Spiritually the album is a companion piece to its predecessor, but musically it seems like the trio that’s coalesced on Love Ya Love Ya has blossomed in the interim, it is as tight as Frank’s vision has ever sounded. With Jake Merrick on bass, vocals, and keys and John Spiegel on drums, the trio cook out a Crazy Horse on SST vibe that stops just short of Always August (who most definitely did that first). It’s hard not to be drawn into Frank’s light. We all have a friend like that — at once disarming and rough-edged, yet uplifting. He takes that likability and pins it to a particularly potent rollick of Cosmic Americana, which only makes the smiles grow broader. Frank’s been building his sound for years now, and its undergone a lot of changes, to say the least, but this is the first true Hurricanes album and quite certainly Frank at his best.

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Jen Powers on Jan Dukes de Grey – Sorcerers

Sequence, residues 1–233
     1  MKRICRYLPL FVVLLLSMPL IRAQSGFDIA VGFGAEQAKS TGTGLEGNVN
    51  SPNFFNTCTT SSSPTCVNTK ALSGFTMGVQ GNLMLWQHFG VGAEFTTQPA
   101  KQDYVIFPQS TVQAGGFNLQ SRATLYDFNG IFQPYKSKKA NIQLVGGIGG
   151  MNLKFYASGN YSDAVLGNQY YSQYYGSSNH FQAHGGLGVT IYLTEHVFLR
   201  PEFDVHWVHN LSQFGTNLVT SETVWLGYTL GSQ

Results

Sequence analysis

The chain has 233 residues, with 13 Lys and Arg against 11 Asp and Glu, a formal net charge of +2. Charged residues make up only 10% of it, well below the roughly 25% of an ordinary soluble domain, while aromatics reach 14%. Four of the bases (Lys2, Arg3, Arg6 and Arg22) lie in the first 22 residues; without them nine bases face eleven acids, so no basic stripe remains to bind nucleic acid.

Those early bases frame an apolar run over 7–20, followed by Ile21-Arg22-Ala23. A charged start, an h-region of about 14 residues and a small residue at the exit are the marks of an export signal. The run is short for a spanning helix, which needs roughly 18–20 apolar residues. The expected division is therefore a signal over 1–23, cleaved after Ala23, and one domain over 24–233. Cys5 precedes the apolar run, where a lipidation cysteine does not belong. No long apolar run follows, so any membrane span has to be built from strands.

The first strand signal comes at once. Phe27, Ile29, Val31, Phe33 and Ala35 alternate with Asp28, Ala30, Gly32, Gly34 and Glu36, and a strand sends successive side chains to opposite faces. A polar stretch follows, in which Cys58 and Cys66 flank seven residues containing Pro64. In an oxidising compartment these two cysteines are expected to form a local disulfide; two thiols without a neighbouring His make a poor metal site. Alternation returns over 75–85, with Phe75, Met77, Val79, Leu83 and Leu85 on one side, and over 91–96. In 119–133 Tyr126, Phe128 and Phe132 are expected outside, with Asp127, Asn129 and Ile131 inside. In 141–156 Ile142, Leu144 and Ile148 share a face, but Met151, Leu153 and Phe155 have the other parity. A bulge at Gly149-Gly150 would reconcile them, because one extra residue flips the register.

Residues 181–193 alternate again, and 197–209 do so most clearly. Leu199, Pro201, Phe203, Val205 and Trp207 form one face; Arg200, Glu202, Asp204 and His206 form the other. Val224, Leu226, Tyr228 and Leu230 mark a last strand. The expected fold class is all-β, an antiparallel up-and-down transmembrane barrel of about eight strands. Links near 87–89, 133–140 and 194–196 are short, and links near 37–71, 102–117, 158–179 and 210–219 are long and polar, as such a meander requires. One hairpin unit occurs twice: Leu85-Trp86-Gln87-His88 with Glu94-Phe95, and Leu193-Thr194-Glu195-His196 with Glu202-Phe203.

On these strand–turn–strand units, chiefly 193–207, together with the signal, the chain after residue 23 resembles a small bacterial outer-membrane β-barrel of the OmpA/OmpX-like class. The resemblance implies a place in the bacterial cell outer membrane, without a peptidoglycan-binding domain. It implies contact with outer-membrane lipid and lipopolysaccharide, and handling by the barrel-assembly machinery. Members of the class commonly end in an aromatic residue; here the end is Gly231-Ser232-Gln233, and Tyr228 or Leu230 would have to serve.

Over the last couple of years Jen, along with her partner Matthew Rolin, have garnered acclaim for their live sets, issued to cassettes, culminating in an excellent album for Feeding Tube earlier in the year. The pair have also issued a limited run cassette as a trio with Jason Gerycz (Cloud Nothings) that expands into a noisier nook than they hang in on their own. With another tape just released in Trouble In Mind’s new experimental series, its shaping up to be quite a year for the duo. Jen’s hammered dulcimer adds a touch of crystalline beauty to their works and she’s long been a self-professed folk nerd on social media, giving me every reason to reach out and see what gems she has hiding in her collection. Jen’s picked a record that’s long found its way into the hands of obsessive collectors, but has been finally getting a bit of its own due this year. Find out how the debut from Jan Dukes de Grey made its way into her collection.